I guess the ability to recognize opportunities, and stay calm enough to execute them is more important than knowing all the theory. Some people just stay focused and determined in fights while others are borderline hysteric, the same people in training can be awesome but not so much in the ring.
As for grappling in MMA, because people get so good at ground punching (special heavy bags and a lot of focus on ground striking), it changed the game, you no longer can stay on your back and hug your opponent, you need to try a submission, or a sweep and get the **** out. Otherwise you will sustain a lot of damage. I think what the OP is describing is basicaly the evolution of the sport, at first the more elaborate your ground game was the better people thought you are, later it was recognized that some basic wrestling with good defenses against submissions, and of course a great striking game while on the ground is more than enough.
Something similar happened to the striking game in MMA, at first people thought that MT is enough, later because of the low stance and the need for mobility while striking boxing came back in a big way. Today you get to see some basic boxing with basic kicks (with exceptions), i don't think it is because those fighters can't box well , i think it is the best technique for the octagon. That is why sport fighting is so effective, they keep what works and get rid of the fancy ****.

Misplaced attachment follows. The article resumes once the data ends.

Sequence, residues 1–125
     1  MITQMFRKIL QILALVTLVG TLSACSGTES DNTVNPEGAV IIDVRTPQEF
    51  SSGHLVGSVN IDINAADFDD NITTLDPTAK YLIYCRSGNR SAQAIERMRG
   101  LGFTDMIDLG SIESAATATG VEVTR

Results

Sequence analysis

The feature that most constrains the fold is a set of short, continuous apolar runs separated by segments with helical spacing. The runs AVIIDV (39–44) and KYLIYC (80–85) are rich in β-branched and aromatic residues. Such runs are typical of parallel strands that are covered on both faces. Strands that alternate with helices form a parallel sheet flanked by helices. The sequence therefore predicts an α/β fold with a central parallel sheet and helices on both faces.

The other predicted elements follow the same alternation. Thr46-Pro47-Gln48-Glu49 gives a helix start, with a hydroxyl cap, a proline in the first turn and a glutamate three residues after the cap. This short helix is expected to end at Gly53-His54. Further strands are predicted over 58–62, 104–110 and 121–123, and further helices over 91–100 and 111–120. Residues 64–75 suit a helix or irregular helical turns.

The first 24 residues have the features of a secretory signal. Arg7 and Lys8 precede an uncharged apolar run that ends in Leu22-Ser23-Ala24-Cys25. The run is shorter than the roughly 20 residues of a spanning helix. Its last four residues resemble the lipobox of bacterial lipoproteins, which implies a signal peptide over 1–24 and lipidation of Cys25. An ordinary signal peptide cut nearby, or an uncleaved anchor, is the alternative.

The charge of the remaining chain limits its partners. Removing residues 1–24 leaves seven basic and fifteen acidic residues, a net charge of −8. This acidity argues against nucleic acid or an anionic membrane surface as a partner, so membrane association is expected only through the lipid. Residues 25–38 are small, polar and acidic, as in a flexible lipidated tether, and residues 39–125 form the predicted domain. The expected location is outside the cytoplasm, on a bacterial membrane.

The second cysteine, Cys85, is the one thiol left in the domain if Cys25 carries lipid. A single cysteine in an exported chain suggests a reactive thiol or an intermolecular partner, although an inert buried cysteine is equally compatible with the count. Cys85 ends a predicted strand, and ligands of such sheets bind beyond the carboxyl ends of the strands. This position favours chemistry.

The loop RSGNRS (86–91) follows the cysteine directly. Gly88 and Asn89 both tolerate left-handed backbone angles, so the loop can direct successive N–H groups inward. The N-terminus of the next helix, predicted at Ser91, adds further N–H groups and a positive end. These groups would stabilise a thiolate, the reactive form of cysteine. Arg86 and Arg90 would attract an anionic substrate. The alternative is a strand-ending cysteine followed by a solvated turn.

I think it comes down to physical prowess and toughness.
When you take two untrained people and let them go at it, the most physically imposing, toughest guy will usually win.
Theoretically, you can have the same situation with two expertly trained people. Assuming the same high level skillset, I'll put my money on the most athletic and toughest fighter.
Of course that's simplifying the hell out of things because skillsets are rarely equal. And then there's luck. Even a blind squirrel finds a nut sometimes. It's been demonstrated time and time again that when you put two grown men in a cage with little gloves anything can happen. It only takes one good punch to give you a completely unexpected outcome.
^This book has an interesting outlook on devising and measuring improvement in martial arts, based around Six Sigma/Kaizen principles.